Engineer Randy Burns got a noticeably tougher hard rock guitar sound out of the Pontiac Brothers for 1986's Fiesta en la Biblioteca, and that seems to have inspired the band to crank up the amps and let things roar a bit more than on Doll Hut; even though the band had been pared down to one guitar after the departure of Jon Wahl, Ward Dotson's slightly messy but suitably crunchy leads sound ready for your local sports arena, or at least the biggest P.A. your local saloon could handle. And with Dotson sounding all the more heroic, the rest of the band followed suit -- Matt Simon's twangy bellow shows a lot more weight and authority, and bassist Kurt Bauman and drummer D.A. Valdez sound louder and prouder than ever before (while still packing a punch that was more punk than bar room slog). But it's the songs that really make Fiesta en la Biblioteca the Pontiac Brothers' best album; melding roots rock melodicism, hard rock thunder, and a Replacements-esque fondness for a good laugh and a cold beer, Fiesta is chock full of classics, including the joyous "She Knows It," the pleading "Look Out for That Train," the mock glam "She Likes to Rock," the bitter "Be Married Song," and (gasp!) a full-bodied cover of the Grateful Dead's "Brown Eyed Women." The songs get a lot funnier on this set, too, with "when that girl said 'hi,' she already told you everything she knew" only one favorite offhand joke on the album. And the closing "Don't Have to Die" made it clear that underneath the power chords and spilled Budweiser was a band with a lot of heart and soul. Before the rise of the Sub Pop tribes, nobody in the indie rock underground carried the flag for good ol' hard rock like the Pontiac Brothers, and they never did it better than on Fiesta en la Biblioteca (and kudos to any Spanish librarians with the courage to give these guys a gig).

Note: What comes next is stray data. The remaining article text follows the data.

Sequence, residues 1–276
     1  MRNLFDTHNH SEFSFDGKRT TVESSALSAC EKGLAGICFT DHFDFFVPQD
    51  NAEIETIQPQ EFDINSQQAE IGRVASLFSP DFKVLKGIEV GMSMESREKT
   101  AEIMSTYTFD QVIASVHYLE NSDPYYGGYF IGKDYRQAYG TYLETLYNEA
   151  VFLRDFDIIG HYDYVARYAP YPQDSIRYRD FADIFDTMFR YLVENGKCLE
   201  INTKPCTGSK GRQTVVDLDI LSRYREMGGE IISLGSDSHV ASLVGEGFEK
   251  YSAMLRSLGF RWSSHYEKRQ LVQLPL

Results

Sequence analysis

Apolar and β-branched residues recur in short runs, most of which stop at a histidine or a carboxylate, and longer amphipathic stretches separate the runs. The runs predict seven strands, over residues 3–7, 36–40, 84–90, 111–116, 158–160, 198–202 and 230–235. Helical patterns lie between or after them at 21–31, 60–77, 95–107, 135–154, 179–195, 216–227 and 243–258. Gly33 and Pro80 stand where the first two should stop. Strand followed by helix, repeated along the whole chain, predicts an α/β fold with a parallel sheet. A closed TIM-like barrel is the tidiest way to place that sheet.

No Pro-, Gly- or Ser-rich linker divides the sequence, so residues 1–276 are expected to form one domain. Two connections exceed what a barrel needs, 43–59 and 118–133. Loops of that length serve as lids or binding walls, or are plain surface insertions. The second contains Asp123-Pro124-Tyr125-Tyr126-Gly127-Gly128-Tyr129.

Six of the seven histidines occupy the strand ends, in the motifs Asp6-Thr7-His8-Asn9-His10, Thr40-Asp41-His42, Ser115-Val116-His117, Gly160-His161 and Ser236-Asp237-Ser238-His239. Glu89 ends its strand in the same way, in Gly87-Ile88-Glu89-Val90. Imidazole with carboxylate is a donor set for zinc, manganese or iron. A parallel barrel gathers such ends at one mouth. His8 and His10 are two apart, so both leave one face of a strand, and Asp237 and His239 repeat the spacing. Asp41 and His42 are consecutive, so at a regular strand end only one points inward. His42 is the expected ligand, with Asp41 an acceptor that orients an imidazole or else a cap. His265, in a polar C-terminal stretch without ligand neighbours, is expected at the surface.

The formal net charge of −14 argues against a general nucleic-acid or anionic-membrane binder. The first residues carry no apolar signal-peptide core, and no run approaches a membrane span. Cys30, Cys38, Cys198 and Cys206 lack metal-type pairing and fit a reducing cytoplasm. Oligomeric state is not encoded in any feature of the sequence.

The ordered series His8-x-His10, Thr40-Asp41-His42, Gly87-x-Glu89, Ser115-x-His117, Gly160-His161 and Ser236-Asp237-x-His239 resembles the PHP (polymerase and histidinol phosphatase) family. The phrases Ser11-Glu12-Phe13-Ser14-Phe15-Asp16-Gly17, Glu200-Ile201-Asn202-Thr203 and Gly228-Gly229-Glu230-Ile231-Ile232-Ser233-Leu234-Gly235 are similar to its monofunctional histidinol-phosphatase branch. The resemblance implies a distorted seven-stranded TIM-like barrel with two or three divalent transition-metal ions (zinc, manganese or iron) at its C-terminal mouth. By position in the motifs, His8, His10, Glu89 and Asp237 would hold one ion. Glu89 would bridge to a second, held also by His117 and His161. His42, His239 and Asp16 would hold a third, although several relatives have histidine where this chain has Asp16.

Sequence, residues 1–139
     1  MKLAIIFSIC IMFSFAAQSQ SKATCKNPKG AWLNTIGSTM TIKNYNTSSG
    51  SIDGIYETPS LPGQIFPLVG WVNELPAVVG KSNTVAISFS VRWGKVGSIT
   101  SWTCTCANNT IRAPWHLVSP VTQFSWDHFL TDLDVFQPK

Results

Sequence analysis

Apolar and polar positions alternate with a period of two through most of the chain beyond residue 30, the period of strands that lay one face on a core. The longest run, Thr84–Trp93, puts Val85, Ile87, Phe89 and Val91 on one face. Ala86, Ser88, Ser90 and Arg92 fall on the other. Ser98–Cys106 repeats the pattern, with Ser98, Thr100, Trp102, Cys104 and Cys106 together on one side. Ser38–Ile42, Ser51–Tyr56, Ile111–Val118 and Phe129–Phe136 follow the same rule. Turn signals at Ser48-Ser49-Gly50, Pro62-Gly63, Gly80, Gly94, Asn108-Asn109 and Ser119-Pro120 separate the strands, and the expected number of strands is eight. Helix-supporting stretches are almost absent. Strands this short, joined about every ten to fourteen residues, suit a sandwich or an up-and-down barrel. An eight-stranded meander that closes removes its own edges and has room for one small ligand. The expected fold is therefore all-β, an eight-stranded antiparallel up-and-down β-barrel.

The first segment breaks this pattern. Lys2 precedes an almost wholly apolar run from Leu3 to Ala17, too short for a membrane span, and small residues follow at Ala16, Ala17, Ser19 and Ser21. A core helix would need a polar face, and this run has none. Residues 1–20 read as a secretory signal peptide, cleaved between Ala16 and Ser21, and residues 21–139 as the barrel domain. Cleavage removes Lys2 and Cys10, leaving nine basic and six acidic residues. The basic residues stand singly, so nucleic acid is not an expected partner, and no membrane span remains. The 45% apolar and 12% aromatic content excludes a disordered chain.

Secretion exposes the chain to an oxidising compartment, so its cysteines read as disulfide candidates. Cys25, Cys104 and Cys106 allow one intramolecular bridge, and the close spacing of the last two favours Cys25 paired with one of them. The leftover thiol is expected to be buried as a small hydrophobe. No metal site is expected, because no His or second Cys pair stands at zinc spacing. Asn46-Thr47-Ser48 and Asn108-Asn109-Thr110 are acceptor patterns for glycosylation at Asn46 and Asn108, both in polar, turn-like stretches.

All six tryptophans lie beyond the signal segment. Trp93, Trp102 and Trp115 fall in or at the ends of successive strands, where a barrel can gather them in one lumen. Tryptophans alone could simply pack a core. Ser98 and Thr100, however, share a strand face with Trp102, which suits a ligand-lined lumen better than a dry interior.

Share this page
AllMusic Review by Mark Deming